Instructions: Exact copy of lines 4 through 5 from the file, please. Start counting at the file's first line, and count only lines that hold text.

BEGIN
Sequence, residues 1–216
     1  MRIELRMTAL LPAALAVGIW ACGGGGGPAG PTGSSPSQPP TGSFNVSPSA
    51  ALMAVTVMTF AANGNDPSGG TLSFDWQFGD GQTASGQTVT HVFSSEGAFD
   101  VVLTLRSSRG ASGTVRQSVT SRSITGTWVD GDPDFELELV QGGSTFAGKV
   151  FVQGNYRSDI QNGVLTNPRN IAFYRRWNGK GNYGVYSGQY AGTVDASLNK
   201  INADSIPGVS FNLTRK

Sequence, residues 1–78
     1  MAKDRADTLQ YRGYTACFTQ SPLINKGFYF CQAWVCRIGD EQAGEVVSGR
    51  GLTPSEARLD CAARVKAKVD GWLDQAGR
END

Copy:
   101  VVLTLRSSRG ASGTVRQSVT SRSITGTWVD GDPDFELELV QGGSTFAGKV
   151  FVQGNYRSDI QNGVLTNPRN IAFYRRWNGK GNYGVYSGQY AGTVDASLNK